ITAS Podcast Episode #2
In this episode, we are talking to Cody Esp, an amazing watercolor artist from Seatle, Washington. Among her other lines of work, Cody’s erotic art really stands out for its vulnerable depiction of very intimate moments. It turned out, not only this art helped her heal from some traumatic experiences but keeps helping other women in their own healing process.
Let’s see what Cody has to say about this and other aspects of her work and life as a full-time artist.
My name is Cody. I’m an artist.
I do a lot of women empowerment art. I love to paint vaginas and naked women celebrating and dancing. I also do a bunch of more digestible portraiture. So it’s fun to go back and forth and serve the community that way.
I started painting when I was 20. But I didn’t start taking myself seriously until I was about 27.
For the first seven years, I painted maybe three paintings a year and only during extreme emotional times. I just had to let it out. And then I changed into a routine.
Erotic art is about loving ourselves
My art is being called erotic art a lot. I feel like the word ‘erotic’ has a few different meanings. But I see it as very empowering energy. And something that isn’t harnessed by the public. Sometimes it can feel taboo to even use the word ‘erotic’ but to me, it’s just such a powerful force that can bring so much joy and creativity to the world.
To me, it doesn’t feel sexual in the same way as to some people.
Instead, it feels freeing and like a celebration. The response I get from it is amazing. Women reaching out to me and telling me that they cried or that they are dealing with things that are shockingly difficult. Or that they don’t like their body even though I see how beautiful they are. It feels good to receive such vulnerable responses.
I had a lot of pain inside me. I had experienced some really hard things in high school and college. I started painting a lot of more erotic art after I had been drinking really heavily. I was really depressed. I went to a counselor who very quickly pointed out that I was in a situation of very abusive relationships without even realizing it. Neither, I think, did my partner realize that forcing the intimacy in that manner was a sexual assault.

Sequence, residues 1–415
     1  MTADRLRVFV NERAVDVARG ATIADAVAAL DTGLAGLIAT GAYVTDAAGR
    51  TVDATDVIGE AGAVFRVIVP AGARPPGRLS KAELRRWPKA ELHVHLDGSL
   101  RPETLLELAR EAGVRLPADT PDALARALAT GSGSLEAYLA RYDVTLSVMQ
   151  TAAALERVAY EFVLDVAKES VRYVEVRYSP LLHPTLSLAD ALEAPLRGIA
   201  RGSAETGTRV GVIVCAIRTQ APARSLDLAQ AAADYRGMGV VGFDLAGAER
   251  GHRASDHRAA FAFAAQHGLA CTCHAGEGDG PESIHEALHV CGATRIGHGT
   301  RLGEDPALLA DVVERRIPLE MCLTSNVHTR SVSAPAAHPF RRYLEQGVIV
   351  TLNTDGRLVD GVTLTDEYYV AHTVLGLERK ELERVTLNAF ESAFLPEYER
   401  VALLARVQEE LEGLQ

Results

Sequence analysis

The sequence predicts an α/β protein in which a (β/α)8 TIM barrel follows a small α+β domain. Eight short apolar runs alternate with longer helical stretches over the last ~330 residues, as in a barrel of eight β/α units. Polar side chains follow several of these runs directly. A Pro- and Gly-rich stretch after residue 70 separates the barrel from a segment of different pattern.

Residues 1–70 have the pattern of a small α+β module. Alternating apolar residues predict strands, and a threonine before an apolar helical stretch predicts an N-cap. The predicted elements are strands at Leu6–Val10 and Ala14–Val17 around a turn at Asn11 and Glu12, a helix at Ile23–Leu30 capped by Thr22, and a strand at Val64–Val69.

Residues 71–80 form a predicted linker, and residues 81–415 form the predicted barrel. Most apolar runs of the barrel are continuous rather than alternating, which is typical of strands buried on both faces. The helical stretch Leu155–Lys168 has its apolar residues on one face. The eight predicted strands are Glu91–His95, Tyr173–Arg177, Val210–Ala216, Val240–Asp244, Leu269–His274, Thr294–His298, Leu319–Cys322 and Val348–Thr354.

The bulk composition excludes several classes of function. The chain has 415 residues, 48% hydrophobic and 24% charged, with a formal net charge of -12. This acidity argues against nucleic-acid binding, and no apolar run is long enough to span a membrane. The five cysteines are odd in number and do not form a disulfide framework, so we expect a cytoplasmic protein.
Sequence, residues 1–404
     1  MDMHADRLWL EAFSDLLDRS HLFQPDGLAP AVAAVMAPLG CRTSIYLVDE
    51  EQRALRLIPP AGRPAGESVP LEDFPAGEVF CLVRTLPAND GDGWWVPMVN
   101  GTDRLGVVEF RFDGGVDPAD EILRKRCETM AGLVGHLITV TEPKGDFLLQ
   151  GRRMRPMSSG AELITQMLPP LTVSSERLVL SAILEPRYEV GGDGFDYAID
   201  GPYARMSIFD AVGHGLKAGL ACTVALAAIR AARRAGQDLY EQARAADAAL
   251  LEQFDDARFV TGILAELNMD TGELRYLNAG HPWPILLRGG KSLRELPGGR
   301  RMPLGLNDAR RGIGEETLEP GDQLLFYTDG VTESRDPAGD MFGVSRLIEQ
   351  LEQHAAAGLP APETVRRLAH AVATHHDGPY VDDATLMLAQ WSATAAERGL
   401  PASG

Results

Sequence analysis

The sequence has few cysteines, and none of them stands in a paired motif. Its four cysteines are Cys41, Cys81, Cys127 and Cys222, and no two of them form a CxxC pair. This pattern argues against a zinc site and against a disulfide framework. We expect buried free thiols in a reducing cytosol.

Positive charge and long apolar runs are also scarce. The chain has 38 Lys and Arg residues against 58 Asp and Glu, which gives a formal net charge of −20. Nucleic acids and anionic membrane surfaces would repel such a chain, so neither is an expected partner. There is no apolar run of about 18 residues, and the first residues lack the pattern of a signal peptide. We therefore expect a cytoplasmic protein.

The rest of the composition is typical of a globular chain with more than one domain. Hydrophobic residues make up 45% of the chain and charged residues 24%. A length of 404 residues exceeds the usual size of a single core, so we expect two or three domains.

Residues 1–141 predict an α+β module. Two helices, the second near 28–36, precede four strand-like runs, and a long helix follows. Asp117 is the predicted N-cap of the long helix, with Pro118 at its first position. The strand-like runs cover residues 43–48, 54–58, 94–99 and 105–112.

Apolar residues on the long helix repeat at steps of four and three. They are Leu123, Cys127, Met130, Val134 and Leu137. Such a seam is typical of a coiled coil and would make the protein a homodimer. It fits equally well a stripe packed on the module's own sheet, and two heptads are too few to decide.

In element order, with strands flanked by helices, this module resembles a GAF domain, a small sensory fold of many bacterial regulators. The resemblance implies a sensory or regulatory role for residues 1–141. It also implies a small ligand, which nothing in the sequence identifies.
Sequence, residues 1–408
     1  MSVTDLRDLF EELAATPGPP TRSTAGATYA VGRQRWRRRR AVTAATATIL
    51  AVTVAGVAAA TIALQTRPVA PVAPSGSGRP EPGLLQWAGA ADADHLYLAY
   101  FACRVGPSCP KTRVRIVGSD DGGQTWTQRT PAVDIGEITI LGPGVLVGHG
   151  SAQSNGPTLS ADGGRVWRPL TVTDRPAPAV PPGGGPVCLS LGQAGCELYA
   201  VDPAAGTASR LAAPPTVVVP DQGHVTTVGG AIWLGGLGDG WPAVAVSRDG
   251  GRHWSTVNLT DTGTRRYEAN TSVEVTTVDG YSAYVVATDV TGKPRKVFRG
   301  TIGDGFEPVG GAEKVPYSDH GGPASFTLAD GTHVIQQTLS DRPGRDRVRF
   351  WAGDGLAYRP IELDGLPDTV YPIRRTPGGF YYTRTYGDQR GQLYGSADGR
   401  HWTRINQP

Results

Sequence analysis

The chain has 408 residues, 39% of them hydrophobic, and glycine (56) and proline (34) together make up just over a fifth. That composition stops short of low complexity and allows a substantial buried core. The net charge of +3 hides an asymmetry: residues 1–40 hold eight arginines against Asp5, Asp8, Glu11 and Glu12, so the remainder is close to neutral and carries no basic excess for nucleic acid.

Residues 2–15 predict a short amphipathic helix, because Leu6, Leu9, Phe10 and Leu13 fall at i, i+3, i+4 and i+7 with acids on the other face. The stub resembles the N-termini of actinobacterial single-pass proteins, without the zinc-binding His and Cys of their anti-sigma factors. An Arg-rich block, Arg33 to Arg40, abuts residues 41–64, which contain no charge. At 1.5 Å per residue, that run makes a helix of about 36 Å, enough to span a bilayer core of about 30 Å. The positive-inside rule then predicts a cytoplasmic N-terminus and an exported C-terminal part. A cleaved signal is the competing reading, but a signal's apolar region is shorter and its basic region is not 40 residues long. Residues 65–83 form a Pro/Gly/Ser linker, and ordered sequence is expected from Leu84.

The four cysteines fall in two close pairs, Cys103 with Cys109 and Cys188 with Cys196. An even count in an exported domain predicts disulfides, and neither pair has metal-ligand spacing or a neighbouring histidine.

And I noticed I had started painting erotic art around that time as a coping mechanism because I found no understanding or empathy about my situation from my partner and group of friends at that time. It was an emotional situation I didn’t have words for, I didn’t have a story for, I didn’t have any framework for… I think the only way I was able to let it out was through painting.
I’m so much happier now. I have amazing people in my life. And my work has really changed to a big celebration of women’s bodies.
I feel like I opened a channel for people to be able to talk about how they’re feeling insecure about parts of their bodies. I don’t know why, but I think, since I’ve always felt pretty comfortable in my body people get that energy from me, and they’ll open up to me.
One of my jokes is that I feel like girls always love to get naked around me. Which is great, I love it, and it feels so pure and innocent.
I think I give them that sense of security and joy for something that used to be fearful. So now, that’s where my work comes from.
Relationships, intimacy and vulnerability
I am married now and my husband is the best! When we first started dating, I thought he was transgender because there’s no way he can be this cool and sensitive.
He’s my biggest fan. He supports me so fully. He keeps my art on his screensaver and uses it as a backdrop during his online poker nights. I have waves of times when I doubt myself as an artist. And he’s my biggest cheerleader during those moments. He’s always so encouraging.
Cecily Brown is one of my favorite artists and she does really gestural erotic pieces. I remember when I first saw her stuff, I was blown away. I feel like sex is such a sacred place for people.
And it’s so interesting how people use sex as a form of power or coating for intimacy when they need a human touch or they want to feel close but don’t know how to be vulnerable. But for me, it’s a really spiritual aspect. This might sound weird, but I often think of goddesses and Gods during intimacy. And I imagine these like golden threads coming between our hearts, and this connection is like an energetic poll. I noticed how much more joyous we are afterward when this connection is present. And that’s how I would love intimacy to be always possible. For everyone.
It’s about bringing some good to the world
I know how much better the world is when people feel good in themselves. I know it, you have to be brave and vulnerable to do that. But that’s what ultimately makes the world a better place. I love the “shine” theory, “if you shine I shine.” The more people shining out there, the better the world will be. So I hope that’s what my art does for people.
We talked about many more things with Cody that day. We talked about different ways to reach out to people (through vlogs and podcasts) to be able to send a healing message of art and love. We talked about how important it is to love your inner child. We talked about balancing the creative and business parts of an art career and the idea of “batching” the work to stay productive.
To catch up with our conversation, listen to Episode #2 on In The Art Scene Podcast.
Where to find Cody online
Official website: cody-huff.com
Shop Cody’s work here